A few years ago we launched the Bandwidth Challenge. We hoped that publishers would take a look at their platforms and see how they might optimise them for users in the South, where internet speeds aren’t as fast, and computing facilities typically shared amongst many more users.
INASP is also tackling another piece of the connectivity puzzle through a pilot project working with National Research and Education Networks in 3 countries. The aim here is to enable IT network engineers to improve the management of campus networks – to make them more reliable, and better able to deliver information to users – but building the role and capacity of NRENs as national training hubs for university and research IT engineers.
The 2014 Publishers for development conference is now open for registration! The event will take place on 14 August and focus on Research matters for developing countries. This year we will also be bringing in the voices of researchers to our discussions so that we can more actively engage with this crucial stakeholder group in our collective activities.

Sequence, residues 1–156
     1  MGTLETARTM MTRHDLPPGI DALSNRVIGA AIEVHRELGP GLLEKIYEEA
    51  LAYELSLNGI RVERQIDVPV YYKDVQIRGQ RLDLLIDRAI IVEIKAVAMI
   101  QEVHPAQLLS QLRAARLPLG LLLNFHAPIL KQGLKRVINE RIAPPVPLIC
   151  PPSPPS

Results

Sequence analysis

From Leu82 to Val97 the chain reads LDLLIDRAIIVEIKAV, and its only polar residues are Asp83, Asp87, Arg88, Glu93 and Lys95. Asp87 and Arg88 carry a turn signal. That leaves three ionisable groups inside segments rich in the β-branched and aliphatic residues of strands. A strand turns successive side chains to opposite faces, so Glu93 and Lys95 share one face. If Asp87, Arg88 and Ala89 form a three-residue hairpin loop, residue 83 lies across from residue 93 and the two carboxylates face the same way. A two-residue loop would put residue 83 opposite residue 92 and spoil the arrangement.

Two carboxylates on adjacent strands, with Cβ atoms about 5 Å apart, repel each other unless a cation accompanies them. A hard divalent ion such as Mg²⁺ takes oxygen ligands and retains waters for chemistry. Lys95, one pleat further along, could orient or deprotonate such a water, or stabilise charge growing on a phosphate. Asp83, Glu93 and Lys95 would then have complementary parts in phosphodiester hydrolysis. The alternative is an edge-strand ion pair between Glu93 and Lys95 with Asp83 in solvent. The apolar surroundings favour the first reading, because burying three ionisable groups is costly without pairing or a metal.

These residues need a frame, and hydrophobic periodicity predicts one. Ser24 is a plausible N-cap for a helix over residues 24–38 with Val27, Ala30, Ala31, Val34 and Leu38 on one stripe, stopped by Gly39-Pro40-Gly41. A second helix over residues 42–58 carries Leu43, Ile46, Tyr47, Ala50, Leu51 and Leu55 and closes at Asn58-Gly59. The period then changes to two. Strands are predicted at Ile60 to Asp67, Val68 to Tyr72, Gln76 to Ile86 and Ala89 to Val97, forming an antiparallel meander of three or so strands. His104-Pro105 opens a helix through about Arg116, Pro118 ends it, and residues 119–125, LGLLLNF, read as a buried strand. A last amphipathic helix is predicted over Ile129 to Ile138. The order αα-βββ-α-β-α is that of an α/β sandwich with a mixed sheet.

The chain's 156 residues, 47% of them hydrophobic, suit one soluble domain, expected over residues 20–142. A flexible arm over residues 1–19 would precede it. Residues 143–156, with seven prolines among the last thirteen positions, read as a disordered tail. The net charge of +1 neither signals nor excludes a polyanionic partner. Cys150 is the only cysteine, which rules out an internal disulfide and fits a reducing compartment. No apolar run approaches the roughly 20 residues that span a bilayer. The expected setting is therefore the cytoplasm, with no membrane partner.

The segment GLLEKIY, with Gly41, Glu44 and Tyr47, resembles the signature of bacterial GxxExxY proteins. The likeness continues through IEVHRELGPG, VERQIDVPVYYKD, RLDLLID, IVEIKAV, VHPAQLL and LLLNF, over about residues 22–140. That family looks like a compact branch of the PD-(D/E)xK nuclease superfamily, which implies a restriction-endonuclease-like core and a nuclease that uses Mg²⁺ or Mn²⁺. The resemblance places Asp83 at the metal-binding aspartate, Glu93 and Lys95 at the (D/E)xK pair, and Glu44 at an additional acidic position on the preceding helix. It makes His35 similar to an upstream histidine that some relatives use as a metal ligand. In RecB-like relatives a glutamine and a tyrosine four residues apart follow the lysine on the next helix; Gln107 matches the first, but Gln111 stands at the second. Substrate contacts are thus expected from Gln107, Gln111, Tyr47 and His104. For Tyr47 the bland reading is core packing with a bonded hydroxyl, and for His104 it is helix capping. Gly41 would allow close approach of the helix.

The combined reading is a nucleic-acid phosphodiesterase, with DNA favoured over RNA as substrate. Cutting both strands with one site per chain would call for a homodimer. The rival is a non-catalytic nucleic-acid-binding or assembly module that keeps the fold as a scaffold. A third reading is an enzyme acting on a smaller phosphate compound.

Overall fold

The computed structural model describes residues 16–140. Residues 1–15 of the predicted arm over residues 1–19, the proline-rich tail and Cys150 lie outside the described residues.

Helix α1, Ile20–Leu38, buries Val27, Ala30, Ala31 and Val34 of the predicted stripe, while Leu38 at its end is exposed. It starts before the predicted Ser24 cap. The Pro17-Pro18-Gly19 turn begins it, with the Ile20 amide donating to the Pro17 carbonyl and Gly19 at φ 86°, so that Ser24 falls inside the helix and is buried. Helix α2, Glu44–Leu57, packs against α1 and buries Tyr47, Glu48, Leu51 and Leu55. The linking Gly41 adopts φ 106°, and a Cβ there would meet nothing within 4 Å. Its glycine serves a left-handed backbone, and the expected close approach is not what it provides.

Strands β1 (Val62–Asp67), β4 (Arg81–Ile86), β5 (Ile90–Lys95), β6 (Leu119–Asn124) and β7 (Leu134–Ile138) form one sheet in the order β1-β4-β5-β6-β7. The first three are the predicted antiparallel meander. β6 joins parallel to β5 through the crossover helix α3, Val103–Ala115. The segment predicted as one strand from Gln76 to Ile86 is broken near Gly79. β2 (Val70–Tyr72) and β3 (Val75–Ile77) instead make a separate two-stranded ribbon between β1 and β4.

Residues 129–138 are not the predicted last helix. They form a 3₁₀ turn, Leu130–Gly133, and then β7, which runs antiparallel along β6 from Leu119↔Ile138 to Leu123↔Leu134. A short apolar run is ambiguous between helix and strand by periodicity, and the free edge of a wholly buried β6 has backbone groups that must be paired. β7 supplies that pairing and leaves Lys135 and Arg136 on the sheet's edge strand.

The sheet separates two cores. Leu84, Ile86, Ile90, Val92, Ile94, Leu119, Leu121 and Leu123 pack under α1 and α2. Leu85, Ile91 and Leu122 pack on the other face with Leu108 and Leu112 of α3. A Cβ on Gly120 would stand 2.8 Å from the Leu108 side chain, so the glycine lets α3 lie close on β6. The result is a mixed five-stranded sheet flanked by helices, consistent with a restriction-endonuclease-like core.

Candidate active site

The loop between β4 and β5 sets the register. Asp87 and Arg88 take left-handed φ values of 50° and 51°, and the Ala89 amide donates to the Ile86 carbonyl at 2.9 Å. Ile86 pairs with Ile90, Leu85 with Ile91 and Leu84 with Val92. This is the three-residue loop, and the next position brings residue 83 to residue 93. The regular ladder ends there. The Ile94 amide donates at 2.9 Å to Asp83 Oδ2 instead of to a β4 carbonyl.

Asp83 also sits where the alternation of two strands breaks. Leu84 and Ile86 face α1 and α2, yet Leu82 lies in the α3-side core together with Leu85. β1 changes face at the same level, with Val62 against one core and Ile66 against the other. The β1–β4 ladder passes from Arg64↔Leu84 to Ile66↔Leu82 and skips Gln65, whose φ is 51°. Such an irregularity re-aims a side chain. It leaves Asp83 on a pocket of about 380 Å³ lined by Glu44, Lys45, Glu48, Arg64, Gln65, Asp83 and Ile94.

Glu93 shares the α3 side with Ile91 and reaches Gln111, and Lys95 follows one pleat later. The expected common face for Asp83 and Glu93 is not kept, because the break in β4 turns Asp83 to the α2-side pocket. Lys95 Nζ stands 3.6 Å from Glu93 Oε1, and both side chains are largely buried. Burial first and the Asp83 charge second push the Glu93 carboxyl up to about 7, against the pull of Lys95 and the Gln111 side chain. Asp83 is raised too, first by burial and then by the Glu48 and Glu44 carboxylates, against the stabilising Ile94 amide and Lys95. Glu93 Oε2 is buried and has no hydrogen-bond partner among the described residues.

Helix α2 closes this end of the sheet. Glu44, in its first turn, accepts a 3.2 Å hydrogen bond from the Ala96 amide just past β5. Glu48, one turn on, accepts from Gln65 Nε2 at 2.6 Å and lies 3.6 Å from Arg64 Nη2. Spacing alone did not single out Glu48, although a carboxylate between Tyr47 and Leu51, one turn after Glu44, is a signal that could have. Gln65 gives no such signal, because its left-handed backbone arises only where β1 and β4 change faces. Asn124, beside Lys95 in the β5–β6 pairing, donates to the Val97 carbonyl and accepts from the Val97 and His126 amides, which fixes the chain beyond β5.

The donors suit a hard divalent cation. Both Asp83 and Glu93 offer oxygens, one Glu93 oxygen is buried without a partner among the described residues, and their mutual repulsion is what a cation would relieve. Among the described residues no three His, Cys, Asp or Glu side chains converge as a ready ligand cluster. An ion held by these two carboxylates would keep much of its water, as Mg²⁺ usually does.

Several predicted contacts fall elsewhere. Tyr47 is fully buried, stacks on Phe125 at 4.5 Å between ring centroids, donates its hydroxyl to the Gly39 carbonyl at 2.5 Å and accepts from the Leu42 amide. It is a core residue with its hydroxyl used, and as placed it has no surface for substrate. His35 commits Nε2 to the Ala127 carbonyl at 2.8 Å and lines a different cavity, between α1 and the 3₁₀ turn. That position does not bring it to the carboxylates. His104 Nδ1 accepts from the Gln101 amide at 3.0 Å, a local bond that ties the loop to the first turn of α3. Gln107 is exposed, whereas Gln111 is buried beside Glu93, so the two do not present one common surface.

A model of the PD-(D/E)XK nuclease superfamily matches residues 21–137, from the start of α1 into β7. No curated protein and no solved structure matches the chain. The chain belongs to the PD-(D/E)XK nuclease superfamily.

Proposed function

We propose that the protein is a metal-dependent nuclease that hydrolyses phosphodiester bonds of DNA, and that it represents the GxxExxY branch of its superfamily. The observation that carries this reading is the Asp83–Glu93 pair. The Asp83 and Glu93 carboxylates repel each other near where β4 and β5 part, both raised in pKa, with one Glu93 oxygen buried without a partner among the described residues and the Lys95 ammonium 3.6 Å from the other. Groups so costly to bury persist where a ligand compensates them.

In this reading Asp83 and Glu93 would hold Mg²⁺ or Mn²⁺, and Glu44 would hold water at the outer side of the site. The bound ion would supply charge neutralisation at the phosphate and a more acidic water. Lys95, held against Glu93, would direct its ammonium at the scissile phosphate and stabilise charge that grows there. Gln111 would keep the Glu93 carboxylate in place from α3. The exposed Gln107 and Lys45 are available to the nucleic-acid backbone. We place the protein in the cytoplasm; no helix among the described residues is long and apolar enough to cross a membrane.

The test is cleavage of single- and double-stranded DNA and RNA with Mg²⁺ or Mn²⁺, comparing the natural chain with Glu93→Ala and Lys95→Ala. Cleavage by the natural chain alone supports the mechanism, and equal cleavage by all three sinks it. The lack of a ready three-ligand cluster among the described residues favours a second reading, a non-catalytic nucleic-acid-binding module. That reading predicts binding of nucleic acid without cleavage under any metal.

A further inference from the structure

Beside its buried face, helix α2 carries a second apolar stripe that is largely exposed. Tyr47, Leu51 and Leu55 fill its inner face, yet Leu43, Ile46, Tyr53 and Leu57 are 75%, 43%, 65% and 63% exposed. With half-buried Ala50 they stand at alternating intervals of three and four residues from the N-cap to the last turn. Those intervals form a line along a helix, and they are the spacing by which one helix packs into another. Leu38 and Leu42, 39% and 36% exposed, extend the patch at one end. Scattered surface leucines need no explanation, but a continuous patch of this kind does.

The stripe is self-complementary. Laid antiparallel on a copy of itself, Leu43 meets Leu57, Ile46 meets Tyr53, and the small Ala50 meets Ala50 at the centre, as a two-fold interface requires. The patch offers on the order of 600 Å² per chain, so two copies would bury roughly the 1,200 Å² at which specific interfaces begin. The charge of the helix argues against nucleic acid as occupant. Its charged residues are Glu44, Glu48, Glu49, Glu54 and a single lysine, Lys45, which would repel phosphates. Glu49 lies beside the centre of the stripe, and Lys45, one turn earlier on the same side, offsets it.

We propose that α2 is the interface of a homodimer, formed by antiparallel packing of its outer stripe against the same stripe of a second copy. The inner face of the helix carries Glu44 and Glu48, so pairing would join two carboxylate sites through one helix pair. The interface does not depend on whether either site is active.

This one day conference is collegial in style and is open to those involved in information provision, access and uptake. It will enable attendees to share experiences, learn about what’s happening in other parts of the world and establish new relationships with colleagues. Ultimately it will also help encourage a greater understanding about the role of research in development and how we can collectively contribute to this.
Registration is now open, but space is very limited so book early to secure your place!
For more information on the conference and what will be discussed, see the 2014 conference page.
In the latest INASP blog, Ann Snoyenbos, Manager, International Sales and Special Markets, talks about her experiences of working via INASP to help researchers in developing countries gain access to ProjectMuse.
When I talk to publishers about Project MUSE’s work with INASP (to provide affordable access to MUSE for libraries in developing countries) the responses almost always fall into one of two categories. The first agrees that it’s really important to support developing country researchers, while the second is worries that poor management of content will result in bootleg versions circulating on the black market. A close examination of MUSE usage data across four years suggests that neither of these scenarios is accurate; institutions working with INASP are no different from the other institutions using MUSE.